### Modulus of Elasticity and Poisson Ratio of Concrete

```Modulus of Elasticity and
Poisson Ratio of Concrete
Benjie Cho and Mulugojam Alemu
Univ.. of Southern California
Objective

Find the Modulus of Elasticity of Concrete
 Find Poisson’s Ratio of Concrete
Introduction

Compressive Strength of Concrete
– Standardardized test of concrete
 American
Society for Testing and Materials
(ASTM)
– Specifications include
 Correct mix
 Properly affixing strain gauges
 Properly capping the cylinder with sulfur
Procedure

Select (5) 4in diameter by 12in length
concrete with 28-day age with 4 ksi design
strength.
 Cap all the bearing surfaces with sulfur to
make the end flat.
 Mark area where strain gauges will be
attached.
 Clean area with chemical cleaners and
sand paper.
Procedure





Affix strain gauges on their designated area,
one vertical and one horizontal, using glue.
Attach wire to strain gauges by soldering.
Test voltage of the strain gauges.
Place and center samples on the Satec
Universal Testing Machine.
Connect the wires to the P3500 strain
indicator, which in turn is connected to a
computer for recording.
Procedure

Set gauge factor to 2.055 +/- .5% and zero
 Begin loading the specimens and record
values of strain for given loads.
 Continue testing until failure of the
specimen.
Organizing the data

Compute the stress by dividing the load
by the cross-sectional area.
 Graph the strength against the vertical
and horizontal strains of each specimen.
 Find values for the Young’s Modulus and
Poisson’s ratio from the data.
 Calculate the theoretical values the
Young’s Modulus and Poisson’s ratio.
Calculation procedures

Young’s Modulus
– E=(s1-s2)/(e2-.000005)
 s1=The
stress corresponding to the longitudinal
strain of 50 micro strain.
 s2=The stress corresponding to .4f ‘c.
 E2=The longitudinal strain corresponding to s2.
 Based on ASTM C 469

Poisson’s Ratio
 n=(Lateral Strain)/(Longitudinal Strain)
Example
S 2 = 2 0 8 8 .9 3 9 6 p si
E = (2 0 8 8 .9 3 9 6 -1 5 0 .6 3 )/ (9 6 2 -5 0 ) = 2 .0 6 E
S 1 = 1 5 0 .6 3 p si
e   m icro stra in
S tre s s (p s i)
C y lin d er #1
6000
4000
H o rizo nt
2000
E
0
-1 0 0 0
V er tic al s tr ain
0.4f c '
0
1000
2000
3000
S tra in (1 0 E -6 )
4000
5000
Cylinder #2
C ylin d er #2
6000
5000
Horizontal S train
S tre s s (p s i)
V ertic al s train
4000
0.4fc'
3000
2000
1000
0
-500
0
500
1000
S train (10E -6)
1500
2000
2500
Cylinder #3
C ylinder #3
6000
5000
Horizontal Strain
S t re s s ( p s i)
4000
0.4 f 'c
3000
2000
Vertical Strain
1000
0
-500
-1000
0
500
1000
Strain (10E-6)
1500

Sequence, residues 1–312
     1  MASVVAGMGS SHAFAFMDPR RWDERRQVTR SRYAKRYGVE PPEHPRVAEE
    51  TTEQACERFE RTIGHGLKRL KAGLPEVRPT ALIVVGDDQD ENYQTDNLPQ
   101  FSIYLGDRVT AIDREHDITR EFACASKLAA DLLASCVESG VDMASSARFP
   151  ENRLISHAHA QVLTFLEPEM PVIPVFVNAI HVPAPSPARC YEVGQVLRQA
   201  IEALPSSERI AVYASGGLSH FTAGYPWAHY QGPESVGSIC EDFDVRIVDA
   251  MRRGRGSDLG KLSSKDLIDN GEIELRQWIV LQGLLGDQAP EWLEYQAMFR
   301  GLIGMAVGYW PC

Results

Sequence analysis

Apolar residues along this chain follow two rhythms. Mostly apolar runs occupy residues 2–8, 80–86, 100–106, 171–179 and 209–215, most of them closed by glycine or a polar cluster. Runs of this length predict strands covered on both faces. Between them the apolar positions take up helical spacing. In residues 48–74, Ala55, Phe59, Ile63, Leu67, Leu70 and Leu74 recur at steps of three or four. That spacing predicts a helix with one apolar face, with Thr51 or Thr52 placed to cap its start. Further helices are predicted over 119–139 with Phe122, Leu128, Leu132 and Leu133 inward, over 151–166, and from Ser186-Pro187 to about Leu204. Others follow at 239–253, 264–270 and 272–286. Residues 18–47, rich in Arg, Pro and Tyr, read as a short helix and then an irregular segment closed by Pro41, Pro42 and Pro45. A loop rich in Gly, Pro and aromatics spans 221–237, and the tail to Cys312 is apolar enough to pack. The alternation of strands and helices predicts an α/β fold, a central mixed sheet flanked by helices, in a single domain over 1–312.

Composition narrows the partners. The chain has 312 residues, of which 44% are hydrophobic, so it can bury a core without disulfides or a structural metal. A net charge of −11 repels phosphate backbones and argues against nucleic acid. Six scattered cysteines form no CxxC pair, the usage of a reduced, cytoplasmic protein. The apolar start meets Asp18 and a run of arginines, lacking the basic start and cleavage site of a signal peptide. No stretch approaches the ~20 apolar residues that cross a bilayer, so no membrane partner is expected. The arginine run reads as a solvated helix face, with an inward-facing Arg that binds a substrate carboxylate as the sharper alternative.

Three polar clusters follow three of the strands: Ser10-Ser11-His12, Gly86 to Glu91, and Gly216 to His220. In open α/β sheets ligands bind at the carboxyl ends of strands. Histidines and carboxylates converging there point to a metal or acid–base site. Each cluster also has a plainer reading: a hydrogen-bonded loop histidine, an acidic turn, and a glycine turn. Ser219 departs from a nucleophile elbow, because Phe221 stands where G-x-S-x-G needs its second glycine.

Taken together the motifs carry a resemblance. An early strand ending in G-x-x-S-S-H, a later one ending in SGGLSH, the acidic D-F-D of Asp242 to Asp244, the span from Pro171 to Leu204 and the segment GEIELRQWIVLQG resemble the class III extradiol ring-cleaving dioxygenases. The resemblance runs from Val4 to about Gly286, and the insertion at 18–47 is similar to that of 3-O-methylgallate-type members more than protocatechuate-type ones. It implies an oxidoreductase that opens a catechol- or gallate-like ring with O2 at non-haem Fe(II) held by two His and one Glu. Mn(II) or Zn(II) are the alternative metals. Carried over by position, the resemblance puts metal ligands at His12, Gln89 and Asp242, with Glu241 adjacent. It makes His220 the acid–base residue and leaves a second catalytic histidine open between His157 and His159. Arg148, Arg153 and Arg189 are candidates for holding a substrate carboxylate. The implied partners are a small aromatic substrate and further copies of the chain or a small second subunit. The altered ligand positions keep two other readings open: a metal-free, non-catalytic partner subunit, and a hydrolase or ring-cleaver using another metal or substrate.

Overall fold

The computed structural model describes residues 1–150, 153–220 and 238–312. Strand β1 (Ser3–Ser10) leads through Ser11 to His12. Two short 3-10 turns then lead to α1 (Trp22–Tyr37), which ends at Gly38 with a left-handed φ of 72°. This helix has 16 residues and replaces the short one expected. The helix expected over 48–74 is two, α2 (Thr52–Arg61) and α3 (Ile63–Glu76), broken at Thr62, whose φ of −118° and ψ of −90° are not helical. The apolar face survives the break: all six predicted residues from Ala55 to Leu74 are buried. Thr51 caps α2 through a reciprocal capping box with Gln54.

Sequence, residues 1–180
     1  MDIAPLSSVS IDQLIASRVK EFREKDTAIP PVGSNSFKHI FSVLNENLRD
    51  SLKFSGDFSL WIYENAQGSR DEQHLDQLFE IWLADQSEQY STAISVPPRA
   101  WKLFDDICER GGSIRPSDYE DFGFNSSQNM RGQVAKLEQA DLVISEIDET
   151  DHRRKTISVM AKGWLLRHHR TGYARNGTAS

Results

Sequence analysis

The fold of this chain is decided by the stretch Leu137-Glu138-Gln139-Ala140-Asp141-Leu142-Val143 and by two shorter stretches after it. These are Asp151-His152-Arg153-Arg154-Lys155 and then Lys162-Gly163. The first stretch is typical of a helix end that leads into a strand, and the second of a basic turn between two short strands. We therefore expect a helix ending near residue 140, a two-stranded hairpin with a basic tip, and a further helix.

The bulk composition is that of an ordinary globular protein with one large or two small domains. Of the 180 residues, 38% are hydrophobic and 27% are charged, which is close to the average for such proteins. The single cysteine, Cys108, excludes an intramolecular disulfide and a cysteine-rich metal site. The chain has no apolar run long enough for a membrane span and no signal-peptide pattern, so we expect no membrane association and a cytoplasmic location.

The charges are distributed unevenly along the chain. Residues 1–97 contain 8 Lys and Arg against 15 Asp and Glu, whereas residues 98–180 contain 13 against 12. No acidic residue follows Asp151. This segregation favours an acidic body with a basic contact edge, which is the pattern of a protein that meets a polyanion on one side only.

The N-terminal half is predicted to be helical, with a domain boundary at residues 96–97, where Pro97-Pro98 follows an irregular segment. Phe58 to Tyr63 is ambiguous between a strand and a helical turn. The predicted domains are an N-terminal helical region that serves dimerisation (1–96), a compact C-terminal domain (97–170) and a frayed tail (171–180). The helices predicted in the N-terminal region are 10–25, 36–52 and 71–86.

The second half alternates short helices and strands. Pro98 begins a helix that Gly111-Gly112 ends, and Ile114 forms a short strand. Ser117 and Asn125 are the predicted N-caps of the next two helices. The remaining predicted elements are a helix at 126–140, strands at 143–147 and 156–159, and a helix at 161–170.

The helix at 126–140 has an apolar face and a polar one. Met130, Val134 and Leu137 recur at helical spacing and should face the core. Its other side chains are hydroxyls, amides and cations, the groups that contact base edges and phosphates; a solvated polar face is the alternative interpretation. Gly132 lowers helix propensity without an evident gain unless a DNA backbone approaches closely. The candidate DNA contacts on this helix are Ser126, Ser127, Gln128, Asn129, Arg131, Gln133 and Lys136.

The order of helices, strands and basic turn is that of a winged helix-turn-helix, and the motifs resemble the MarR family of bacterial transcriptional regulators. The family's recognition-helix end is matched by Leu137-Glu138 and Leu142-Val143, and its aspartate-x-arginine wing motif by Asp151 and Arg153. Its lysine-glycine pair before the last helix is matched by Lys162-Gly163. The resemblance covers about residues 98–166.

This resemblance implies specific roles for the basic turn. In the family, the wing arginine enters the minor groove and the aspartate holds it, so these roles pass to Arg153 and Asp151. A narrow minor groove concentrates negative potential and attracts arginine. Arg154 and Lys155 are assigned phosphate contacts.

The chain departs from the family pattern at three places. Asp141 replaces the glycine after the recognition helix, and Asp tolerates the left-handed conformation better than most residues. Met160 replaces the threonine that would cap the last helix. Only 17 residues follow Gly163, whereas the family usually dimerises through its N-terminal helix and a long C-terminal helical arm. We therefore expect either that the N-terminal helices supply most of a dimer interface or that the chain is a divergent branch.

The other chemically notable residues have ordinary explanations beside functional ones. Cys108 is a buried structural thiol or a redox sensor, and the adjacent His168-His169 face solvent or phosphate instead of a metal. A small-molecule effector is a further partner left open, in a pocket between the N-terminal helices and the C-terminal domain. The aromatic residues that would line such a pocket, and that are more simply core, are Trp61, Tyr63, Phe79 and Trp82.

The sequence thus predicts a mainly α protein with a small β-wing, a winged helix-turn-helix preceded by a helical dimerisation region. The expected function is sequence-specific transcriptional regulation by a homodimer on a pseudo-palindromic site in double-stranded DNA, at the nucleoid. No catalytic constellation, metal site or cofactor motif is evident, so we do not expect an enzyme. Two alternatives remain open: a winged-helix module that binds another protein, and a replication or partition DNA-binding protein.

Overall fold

2000
2500
Cylinder #4
C ylin d er #4
S tr e s s (p s i)
5000
4000
3000
2000
1000
0
-500
Horiz ontal s train
V ertic al s train
0.4fc '
0.4
500
V ertical
1500
Str ain (10E-6)
2500
3500
Cylinder #5
C ylin d er #5
5000
4500
4000
Ho rizo n ta l Stra in
S t re s s ( p s i)
3500
3000
2500
0 .4 fc'
2000
1500
'c
Ve rtica l Stra in
1000
500
0
-1 0 0 0
-5 0 0
0
500
1000
Str a in (1 0 E-6 )
1500
2000
2500
3000
Selected Values of Stress
and Strain
C ylin d e r # 1
S tre s s (p s i)
S tra in (la t.)
S tra in (lo n g .)
P o is s o n 's
1 0 0 6 .7 6 4
6
440
0 .0 1 3 8 2 5
2 0 0 4 .2 1 7
-1 1
947
0 .0 1 3 6 4 0
3 0 1 0 .2 6 5
-2 0
1462
0 .1 3 6 8 0 0
4 0 0 7 .7 1 9
-1 0 0
2014
0 .0 4 9 4 6 0
5 2 2 1 .2 1 4
-2 2 2
3367
0 .0 6 5 9 3 0
Avg.
P e a k S tre s s (f 'c ) T h e o re tic a l E
P o is s o n
6
0 .0 5 5 9 3 1
5 2 2 1 .2 1 4 4 .1 1 8 7 x 1 0
E x p e rim e n ta l E
2 .0 6 1 7 x 1 0
6
C ylin d e r # 2
S tre s s (p s i)
S tra in (la t.)
S tra in (lo n g .)
P o is s o n 's
2 0 0 0 .9 7 1
-1 0 7 .8
4 3 8 .3
0 .2 4 5 9 5 0
1 0 0 7 .3 6 9
-3 9
1 3 4 .4
0 .2 9 0 1 7 9
3 0 1 1 .6 8 2
-1 6 7 .9
8 0 0 .8
0 .1 3 6 8 0 0
4 0 0 5 .2 0 5
-1 9 1 .4
1 1 8 8 .3
0 .0 4 9 4 6 0
5 0 7 7 .3 4 9
-8 .6
1 9 3 8 .9
0 .0 6 5 9 3 0
Avg.
P e a k S tre s s (f 'c ) T h e o re tic a l E
P o is s o n
6
0 .1 5 7 6 6 3 8
5 0 7 7 .3 4 9 4 .0 6 1 5 x 1 0
E x p e rim e n ta l E
3 .3 6 5 0 6 x 1 0
6
Selected Values of Stress
and Strain
C ylin d e r # 3
S tre s s (p s i)
S tra in (la t.)
S tra in (lo n g .)
P o is s o n 's
1 0 0 2 .1 1 7
-5 0
3 0 3 .1
0 .1 6 4 9 6
2 0 1 1 .4 7 5
-1 0 7
7 0 5 .0
0 .1 5 1 6 7
3 0 0 5 .7 1 4
-1 6 2 .5
1 0 8 .6
0 .1 4 6 5 8
4 0 0 3 .9 3 1
-1 9 0 .6
1 5 3 8 .3
0 .1 2 3 9 0
5 2 1 8 .1 2 1
-1 9 9 .2
2 1 9 6 .1
0 .0 9 0 7 1
Avg.
P e a k S tre s s (f 'c ) T h e o re tic a l E
P o is s o n
6
0 .1 3 5 5 6 4
5 2 1 8 .1 2 1 4 .1 1 7 4 8 x 1 0
E x p e rim e n ta l E
2 .8 4 6 9 7 x 1 0
6
C ylin d e r # 4
S tre s s (p s i)
S tra in (la t.)
S tra in (lo n g .)
P o is s o n 's
1 0 0 2 .1 1 7
-6 4 .8
4 1 4 .1
0 .1 5 6 4 8
2 0 0 7 .5 7 4
-1 4 5 .3
8 8 0 .5
0 .1 6 5 0 2
3 0 0 5 .7 1 4
-2 4 6 .1
1 4 0 3 .1
0 .1 7 5 4 0
4 4 6 0 .3 8 6
-1 8 5 .9
2 4 0 5 .5
0 .0 7 7 2 8
Avg.
P e a k S tre s s (f 'c ) T h e o re tic a l E
P o is s o n
6
0 .1 1 4 8 3 6
4 4 6 0 .3 8 6 3 .8 0 6 8 x 1 0
E x p e rim e n ta l E
2 .2 9 5 3 2 2 x 1 0
6
Data
C ylin d e r # 5
S tre s s (p s i)
S tra in (la t.)
S tra in (lo n g .)
P o is s o n 's
1 0 0 0 .2 0 7
-6 0 .2
4 2 1 .1
0 .1 4 2 9 6
2 0 1 0 .2 8 1
-1 1 6 .4
825
0 .1 4 1 0 9
3 0 0 3 .8 0 4
-1 2 5 .8
1 2 4 4 .6
0 .1 0 1 0 8
4 6 1 6 .3 5 8
-7 0 9 .4
2 4 7 0 .3
0 .2 8 7 1 7
Avg.
P e a k S tre s s (f 'c ) T h e o re tic a l E
P o is s o n
6
0 .1 3 4 4 6 0
4 6 1 6 .3 5 8 3 .8 7 2 8 x 1 0
E x p e rim e n ta l E
2 .4 3 4 1 4 6 x 1 0
6
Conclusion

All specimens performed under the
theorectical values of E.
– Average E= 2.60E6 psi
 Average Poisson Ratio= .119691
Conclusion

Concrete performed to design
specifications.
– E= 1.5 - 5 ksi
 n= .1

Xiao, Yan. Experimental Analysis of Engineering Materials.
University of Southern California lecture notes 2002.
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